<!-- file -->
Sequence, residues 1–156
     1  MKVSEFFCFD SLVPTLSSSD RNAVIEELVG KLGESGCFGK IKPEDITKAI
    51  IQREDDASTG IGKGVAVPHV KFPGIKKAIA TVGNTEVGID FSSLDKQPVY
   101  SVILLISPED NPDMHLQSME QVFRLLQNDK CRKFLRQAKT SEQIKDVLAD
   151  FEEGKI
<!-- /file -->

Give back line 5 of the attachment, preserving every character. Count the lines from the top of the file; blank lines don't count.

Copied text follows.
   151  FEEGKI